Never got fired for it, but was warned about it tons.


03-21-2005, 08:39 PM
On a cement floor all day.
Nothing beats a pair of Dr Martens!!

03-21-2005, 08:56 PM

C. Tate
03-21-2005, 09:16 PM

I currently wear Durashocks ouch. Have had them several weeks and they are well broken in but seem to be too soft. I think I suffer from a lack of support. Whatever it is these do not work well. Thanks for the input anyway.


03-21-2005, 09:18 PM
Two words:
Well, steel toe flip-flops.
Wait, that's 4 words...

Hoffman in Warner Robins Ga

03-21-2005, 09:36 PM
I currently wear Cat boots,I don't really like them,they are heavy and the soles wear quick on cement.
I have given thought to doing what a firend does,he wears tennis shoes with lace up meta tarsal guards on top.He swears by them and he works heavy steel.He like me has always refused to wear steel toes on the big iron,if you drop a 10,000lb beam on your foot that steel toe cap will only make you bleed more and longer while they cut it off with your toes inside.
I have also given thought to loosing 50lbs or better http://bbs.homeshopmachinist.net//biggrin.gif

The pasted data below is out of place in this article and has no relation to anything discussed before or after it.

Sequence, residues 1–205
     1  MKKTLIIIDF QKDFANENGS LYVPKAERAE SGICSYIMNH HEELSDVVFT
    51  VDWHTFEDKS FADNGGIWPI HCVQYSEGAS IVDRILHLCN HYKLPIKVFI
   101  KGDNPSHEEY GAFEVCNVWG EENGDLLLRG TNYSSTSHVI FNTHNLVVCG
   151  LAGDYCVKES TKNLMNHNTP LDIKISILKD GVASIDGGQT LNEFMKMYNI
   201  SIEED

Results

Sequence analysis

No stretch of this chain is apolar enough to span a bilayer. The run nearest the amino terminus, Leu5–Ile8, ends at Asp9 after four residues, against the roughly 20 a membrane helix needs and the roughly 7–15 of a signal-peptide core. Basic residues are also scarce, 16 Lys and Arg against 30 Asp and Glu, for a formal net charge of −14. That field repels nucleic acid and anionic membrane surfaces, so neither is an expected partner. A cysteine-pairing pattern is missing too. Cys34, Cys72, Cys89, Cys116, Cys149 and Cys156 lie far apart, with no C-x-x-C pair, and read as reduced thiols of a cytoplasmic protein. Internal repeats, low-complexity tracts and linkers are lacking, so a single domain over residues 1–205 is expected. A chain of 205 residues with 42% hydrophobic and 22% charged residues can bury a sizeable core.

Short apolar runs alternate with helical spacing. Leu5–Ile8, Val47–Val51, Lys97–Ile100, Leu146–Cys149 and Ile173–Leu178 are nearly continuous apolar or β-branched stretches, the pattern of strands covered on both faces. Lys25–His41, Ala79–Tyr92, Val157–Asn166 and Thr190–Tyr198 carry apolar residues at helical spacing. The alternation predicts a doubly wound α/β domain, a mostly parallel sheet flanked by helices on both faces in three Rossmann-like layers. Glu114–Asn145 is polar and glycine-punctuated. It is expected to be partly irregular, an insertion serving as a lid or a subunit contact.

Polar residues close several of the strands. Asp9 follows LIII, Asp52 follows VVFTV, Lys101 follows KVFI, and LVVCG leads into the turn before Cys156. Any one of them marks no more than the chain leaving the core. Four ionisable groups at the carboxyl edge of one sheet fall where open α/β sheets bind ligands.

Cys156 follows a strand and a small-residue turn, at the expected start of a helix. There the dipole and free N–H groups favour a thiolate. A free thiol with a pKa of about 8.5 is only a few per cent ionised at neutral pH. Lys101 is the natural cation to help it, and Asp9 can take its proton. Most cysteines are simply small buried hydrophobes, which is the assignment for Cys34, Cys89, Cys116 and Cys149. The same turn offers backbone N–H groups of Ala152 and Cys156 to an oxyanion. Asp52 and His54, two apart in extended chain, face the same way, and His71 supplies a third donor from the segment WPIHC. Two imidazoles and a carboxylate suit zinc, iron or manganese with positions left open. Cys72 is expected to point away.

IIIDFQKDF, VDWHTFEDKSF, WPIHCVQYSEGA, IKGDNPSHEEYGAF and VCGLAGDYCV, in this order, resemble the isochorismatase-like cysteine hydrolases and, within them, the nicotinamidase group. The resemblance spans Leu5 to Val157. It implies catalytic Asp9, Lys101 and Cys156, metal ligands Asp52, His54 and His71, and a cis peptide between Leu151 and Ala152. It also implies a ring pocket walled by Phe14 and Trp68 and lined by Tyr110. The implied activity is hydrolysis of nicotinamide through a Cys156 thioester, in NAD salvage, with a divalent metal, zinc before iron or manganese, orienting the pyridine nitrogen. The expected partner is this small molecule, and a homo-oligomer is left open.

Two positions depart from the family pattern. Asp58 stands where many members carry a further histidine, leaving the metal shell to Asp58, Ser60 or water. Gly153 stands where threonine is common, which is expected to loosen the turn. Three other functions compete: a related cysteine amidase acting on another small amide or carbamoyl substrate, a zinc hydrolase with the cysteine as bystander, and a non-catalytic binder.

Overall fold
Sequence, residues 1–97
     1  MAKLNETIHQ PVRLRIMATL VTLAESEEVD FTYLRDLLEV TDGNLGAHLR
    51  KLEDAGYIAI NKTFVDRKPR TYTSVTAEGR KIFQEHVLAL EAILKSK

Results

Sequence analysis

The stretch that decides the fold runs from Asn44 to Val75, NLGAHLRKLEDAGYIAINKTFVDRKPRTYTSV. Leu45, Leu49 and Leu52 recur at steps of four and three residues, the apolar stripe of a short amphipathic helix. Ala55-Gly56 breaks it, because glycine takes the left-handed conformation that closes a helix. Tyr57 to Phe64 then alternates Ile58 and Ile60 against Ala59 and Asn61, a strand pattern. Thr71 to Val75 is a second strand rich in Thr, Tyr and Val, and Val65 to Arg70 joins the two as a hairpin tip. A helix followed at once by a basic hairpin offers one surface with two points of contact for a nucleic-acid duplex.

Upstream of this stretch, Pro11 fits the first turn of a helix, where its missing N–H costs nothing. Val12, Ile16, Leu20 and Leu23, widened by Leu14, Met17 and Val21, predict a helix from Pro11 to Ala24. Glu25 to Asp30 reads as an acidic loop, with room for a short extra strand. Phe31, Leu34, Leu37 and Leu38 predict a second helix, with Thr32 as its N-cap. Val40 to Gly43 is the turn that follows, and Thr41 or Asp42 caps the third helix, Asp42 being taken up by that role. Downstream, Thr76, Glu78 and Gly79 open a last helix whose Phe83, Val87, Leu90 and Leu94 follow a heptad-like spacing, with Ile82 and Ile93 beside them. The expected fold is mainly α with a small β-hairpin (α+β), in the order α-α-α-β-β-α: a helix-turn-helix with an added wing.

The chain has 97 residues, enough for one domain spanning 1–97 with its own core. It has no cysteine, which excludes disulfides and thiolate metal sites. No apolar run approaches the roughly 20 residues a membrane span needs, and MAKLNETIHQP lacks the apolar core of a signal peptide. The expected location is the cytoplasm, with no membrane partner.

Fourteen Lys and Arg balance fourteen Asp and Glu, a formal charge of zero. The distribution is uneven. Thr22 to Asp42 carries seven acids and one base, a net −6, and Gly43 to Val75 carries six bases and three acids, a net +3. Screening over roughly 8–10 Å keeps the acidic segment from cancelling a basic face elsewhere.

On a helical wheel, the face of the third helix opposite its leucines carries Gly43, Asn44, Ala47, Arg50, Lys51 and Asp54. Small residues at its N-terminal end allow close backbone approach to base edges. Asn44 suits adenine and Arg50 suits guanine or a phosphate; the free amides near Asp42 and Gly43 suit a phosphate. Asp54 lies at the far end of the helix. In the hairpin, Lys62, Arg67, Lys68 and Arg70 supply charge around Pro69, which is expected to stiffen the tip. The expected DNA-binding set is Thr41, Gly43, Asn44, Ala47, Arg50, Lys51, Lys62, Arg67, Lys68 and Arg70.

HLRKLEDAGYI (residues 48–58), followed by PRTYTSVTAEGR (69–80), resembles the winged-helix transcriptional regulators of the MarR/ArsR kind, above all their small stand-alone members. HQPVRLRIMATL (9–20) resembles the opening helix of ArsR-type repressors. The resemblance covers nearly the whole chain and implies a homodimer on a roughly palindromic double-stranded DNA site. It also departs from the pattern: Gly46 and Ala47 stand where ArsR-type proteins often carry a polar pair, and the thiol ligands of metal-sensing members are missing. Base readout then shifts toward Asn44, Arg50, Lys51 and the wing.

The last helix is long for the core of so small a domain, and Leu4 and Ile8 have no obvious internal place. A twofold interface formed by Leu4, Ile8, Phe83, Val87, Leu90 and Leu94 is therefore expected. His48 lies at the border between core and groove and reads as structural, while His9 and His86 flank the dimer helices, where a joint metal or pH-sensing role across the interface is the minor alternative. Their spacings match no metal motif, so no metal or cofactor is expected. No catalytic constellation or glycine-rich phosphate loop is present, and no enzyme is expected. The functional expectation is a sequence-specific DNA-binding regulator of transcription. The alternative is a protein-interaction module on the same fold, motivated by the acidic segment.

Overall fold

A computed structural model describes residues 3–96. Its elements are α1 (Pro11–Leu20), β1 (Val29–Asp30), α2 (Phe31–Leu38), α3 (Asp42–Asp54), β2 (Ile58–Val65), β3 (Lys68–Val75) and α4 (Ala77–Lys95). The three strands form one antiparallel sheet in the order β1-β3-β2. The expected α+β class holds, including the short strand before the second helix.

[This message has been edited by wierdscience (edited 03-21-2005).]

03-21-2005, 10:19 PM
I wear Danner boots with some sort of gel insert. The insert manufacture is not too critical as long as you change them regularly. I also am on my foots all day. Unless I'm sittin down http://bbs.homeshopmachinist.net//smile.gif

[This message has been edited by JRouche (edited 03-21-2005).]

03-21-2005, 10:39 PM
We had a "boot truck" that came by the plant every once in a while. They sold Wolverines, but they also had FootRest boots, which were more expensive than the Wolverines but were the most comfortable work boot I ever wore. Maybe FootRest is just a high-end Wolverine? They were very comfortable, but a little less durable than Red Wing.

I don't know for sure - the sole might or might not transfer the steel grating discomfort worse, but I think they'd be worth looking into if you haven't tried them yet. They're pretty good for working on concrete floors anyway.

03-21-2005, 11:17 PM

Find a good foot doc (podiatrist) who will analyze the cause of the pain and suggest solutions. For me the custom-molded orthodic inserts work the best (your feet may not be as messed up as mine, things I can't spell & don't understand). I stand twelve to fourteen hours per day in athletic shoes -- New Balance or Nike, usually $50 a pair. They offer NO foot protection, other than keeping welding spatter away. Usually get six months out of a pair & throw them away, the cushion is all gone by then.

Barry Milton

03-22-2005, 01:13 AM
I wear Australian RM Williams Mallee workboots for at least twelve hours every day I have tried all the other brands over here and these are the best at about 200 AUD a pair they have good arch support and fit right every time.